The developing crisis following Russia's military operations in the Crimea, has provoked a strong reaction from EU and US Governments. However, despite the rhetoric, the approach to the imposing of economic and other sanctions has varied markedly not only between the US and the EU, but between the EU countries themselves. Given the investment both into and from Russia across many key sectors, and Russia's supply of gas to the EU, the prospect of damaging repercussions should Russia impose reciprocal trade and other sanctions has caused a divergence of opinion between Governments as to what measures should be imposed while negotiations are continuing.

Some members of the EU, including Poland, Lithuania and other countries closer to Russia's borders, have favoured a tougher approach, including the suspending of agreements with Russia on visa fee travel and energy, with the threat of further and targeted sanctions. While others, in particular Germany and the Netherlands, have supported a more cautious approach, believing mediation would be more likely to bring a preferable outcome. The varying potential economic impact on each member will largely define the nature of its response. This will also impact on the ability to achieve a consensus.

Following an emergency summit of EU leaders yesterday in Brussels to decide on the EU's response to the crisis, it was announced that:

  • the EU would suspend current talks with Russia on trade and visa issues;
  • boycott the G8 summit scheduled to be held in Sochi in June;
  • unless progress is made in dialogue within a limited timeframe, the EU would consider imposing additional measures such as asset freezes and travel bans and the cancellation of the EU-Russia summit; and 
  • as a last resort, if the situation worsens, the EU warned about "severe and far-reaching consequences" for relations between Russia and the EU and its Member States, "which will include a broad range of economic areas".

Meanwhile, the US Government has suspended military ties and investment treaty talks with Russia, and yesterday announced visa controls on Ukrainian and Russian officials and other individuals who, in its view, are "responsible for, or complicit in, threatening the sovereignty and territorial integrity of Ukraine". The visa restrictions will not extend to the Russian President. What further steps the US intends to take, remains to be seen.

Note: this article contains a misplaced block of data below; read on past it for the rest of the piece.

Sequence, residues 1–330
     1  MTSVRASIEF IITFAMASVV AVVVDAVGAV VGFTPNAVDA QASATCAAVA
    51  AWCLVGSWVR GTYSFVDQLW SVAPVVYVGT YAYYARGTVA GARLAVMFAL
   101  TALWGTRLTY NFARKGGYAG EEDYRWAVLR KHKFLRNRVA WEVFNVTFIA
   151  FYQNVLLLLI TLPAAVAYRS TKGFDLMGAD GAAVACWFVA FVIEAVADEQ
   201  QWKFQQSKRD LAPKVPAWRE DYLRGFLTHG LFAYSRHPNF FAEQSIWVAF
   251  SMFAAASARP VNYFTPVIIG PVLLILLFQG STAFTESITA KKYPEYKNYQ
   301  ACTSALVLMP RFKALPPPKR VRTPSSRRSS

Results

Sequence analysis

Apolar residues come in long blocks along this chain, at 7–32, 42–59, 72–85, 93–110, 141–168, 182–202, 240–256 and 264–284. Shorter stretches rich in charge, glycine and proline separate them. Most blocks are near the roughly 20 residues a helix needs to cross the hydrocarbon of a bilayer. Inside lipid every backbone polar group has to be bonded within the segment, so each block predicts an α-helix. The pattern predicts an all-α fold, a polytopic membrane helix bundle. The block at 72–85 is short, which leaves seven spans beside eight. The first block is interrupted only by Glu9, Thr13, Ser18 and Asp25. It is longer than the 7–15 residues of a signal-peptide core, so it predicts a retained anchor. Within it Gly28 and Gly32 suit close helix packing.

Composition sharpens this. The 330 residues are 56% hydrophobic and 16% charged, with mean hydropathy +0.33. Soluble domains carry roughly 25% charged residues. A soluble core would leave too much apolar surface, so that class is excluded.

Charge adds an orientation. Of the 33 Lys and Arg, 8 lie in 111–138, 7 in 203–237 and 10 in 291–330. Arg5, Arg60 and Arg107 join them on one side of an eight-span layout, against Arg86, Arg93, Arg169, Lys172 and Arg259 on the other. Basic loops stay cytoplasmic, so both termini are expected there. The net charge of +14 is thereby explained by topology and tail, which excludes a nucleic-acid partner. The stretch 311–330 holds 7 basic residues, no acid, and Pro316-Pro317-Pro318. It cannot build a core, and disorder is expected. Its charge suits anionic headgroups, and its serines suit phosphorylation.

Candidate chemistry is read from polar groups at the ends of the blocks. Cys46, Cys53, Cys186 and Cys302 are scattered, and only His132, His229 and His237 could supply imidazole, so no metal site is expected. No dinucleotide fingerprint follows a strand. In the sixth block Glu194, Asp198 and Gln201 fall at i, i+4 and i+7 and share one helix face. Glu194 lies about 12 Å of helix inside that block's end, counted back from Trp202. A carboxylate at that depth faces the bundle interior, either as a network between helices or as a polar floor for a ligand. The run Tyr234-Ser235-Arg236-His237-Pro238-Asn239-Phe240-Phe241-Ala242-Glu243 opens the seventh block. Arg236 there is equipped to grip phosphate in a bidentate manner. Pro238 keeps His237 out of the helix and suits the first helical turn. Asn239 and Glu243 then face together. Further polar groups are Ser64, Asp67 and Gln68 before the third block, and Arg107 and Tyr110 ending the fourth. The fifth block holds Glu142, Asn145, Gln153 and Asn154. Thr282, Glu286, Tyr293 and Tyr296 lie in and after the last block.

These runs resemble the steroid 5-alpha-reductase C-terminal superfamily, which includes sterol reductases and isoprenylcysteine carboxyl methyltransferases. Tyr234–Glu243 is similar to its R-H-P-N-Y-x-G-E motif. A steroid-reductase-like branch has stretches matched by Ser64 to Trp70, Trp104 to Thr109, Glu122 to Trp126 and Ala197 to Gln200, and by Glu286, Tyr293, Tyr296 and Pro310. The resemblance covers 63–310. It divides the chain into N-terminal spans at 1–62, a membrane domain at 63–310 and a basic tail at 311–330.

As the amount of trade between the EU and Russia far exceeds that with the US, the possible implications for Russia of EU-wide sanctions are potentially far greater. As will be the affect on the EU (and businesses based in the EU investing in and operating in Russia) of reciprocal sanctions imposed by Russia. The Moscow Times reported yesterday that the Russian Federation Council is drafting legislation which will include giving power to the Russian Government to confiscate the property of US and EU countries in retaliation for sanctions imposed against Russia.

Under EU law, there are various procedures required for adopting legal instruments which impose restrictive measures that provide for the reduction or interruption of economic relations with a third party. These include formal adoption of a "Common Position". This requires the unanimous approval of the EU Member States in Council, followed by (or parallel to which) the Commission is required to make a proposal for Council Regulation. The process may differ depending on the exact nature of the restrictive measures and the targets at which they are aimed.

At the time of writing, it is unclear what the nature and extent of Russia's response will be. Whatever that response may be, the impact on foreign as well as domestic investor sentiment in Russia and the repercussions throughout Europe could be severe.

We are continuing to monitor the position and will provide further bulletins as events develop.